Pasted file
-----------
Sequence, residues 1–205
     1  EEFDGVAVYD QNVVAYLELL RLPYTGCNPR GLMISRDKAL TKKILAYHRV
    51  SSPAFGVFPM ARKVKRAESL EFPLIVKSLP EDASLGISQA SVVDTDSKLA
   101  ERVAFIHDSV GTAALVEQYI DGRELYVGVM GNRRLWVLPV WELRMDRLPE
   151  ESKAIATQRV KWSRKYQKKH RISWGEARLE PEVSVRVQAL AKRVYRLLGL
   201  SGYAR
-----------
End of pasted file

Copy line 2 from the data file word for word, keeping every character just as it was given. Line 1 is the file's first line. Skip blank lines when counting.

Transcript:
     1  EEFDGVAVYD QNVVAYLELL RLPYTGCNPR GLMISRDKAL TKKILAYHRV